“As we honor and pay tribute to soup, I also wish to encourage my readers to use the art of soup making to bring relief to the poor and the hungry near or around us. In ancient times, when monasteries were located within the city walls, monks and nuns provided soup and bread to the poor who daily knocked at their doors. Many monasteries still follow this ancient evangelical practice, and this is where the idea of “soup kitchens” to help the poor originated….Soup making, soup sharing, and soup giving done with love and a selfless spirit can be occasions for endless joy.”
—Brother Victor-Antoine d’Avila-Latourrette, Twelve Months of Monastery Soup
Thanks to my daughter Dee, I have a new favorite soup. When we were visiting recently with her in New York, she said, “Next to where I work is a shop that sells a really good tomato soup.” Oh? What kind of tomato soup? “Well, it has chickpeas and cauliflower.” What kind of spicing? “Curry. It was spiced with curry. Do you think you could make it?” Yes, I think I could.
I decided to roast the cauliflower, which has a mild—some might even say bland—taste. It seems to me that roasting improves almost any vegetable. From there I would go to onion and garlic, the basis for most soups, followed by a can of tomatoes, a can of chickpeas, and a teaspoon and a half of curry powder as well as a pinch of red pepper flakes. Readers, this is one of the best soups I have ever made. The nutty chickpeas complement the mild cauliflower, and the curry blends with the tomatoes to produce a spicy but smooth flavor. I could eat this soup once a week, and I’ll certainly be making it regularly during the impending months of cold weather, which in Maine stretches through three seasons and at least six months. With so much cold weather, soup can be a great consolation.
I began this piece with a quotation from Twelve Months of Monastery Soups. During the upcoming holiday season, indeed throughout the whole year, we should follow Brother Victor-Antoine d’Avila-Latourrette’s advice. Hunger and food insecurity are on the rise in the United States. According to yesterday’s New York Times, “the number of people in households that lacked consistent access to adequate nutrition rose to 49 million in 2008, 13 million more than in the previous year and the most since the federal government began keeping the data 14 years ago.” Surely the richest country in the world can do better than that, and what better way to start than with soup—nutritious, delicious, soothing, and economical.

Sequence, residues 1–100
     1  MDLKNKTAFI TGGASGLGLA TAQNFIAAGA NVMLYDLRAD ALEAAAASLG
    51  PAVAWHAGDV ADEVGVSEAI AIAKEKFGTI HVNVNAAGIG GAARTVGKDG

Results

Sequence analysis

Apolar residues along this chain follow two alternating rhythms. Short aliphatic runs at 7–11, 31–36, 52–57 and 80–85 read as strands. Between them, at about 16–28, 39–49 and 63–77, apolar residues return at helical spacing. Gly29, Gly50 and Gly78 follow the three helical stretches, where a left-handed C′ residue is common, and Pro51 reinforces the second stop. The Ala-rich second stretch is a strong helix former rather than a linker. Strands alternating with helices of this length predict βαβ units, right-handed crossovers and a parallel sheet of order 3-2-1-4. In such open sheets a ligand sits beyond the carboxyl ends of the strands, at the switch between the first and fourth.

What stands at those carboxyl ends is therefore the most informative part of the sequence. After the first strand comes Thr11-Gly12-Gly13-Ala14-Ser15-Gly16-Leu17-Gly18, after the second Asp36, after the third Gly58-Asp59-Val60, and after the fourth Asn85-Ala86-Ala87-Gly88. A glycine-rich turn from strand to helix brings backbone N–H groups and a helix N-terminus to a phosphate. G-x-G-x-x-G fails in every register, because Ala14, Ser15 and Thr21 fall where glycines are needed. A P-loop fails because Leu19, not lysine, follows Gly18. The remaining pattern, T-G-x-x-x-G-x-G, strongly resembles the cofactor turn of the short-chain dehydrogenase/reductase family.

Curried Tomato Soup with Chickpeas and Cauliflower
1 small onion, chopped fine
3 cloves of garlic, chopped fine
1 ½ teaspoon of curry powder
1 pinch of red pepper flakes (or more, if you like things hot)
1 head of roasted cauliflower
1 (19 oz.) can of chickpeas, drained and rinsed
1 (28 oz.) can of crushed tomatoes
1 can of water, using the tomato can
First, roast the cauliflower. Cut the cauliflower into small pieces, toss with some olive oil and bake at 375°F until the cauliflower is tender and slightly browned, about twenty-five minutes. When the cauliflower has cooled, chop into bite-sized pieces and set aside.
Sauté the garlic and onion for a few minutes in a couple of tablespoons of olive oil. Add the chickpeas, the tomatoes, the can of water, the curry, and the pepper flakes. Simmer for 45 minutes or so. Add the chopped cauliflower and simmer another ten minutes. Garnish with either sour cream or yogurt if you like, which I always do.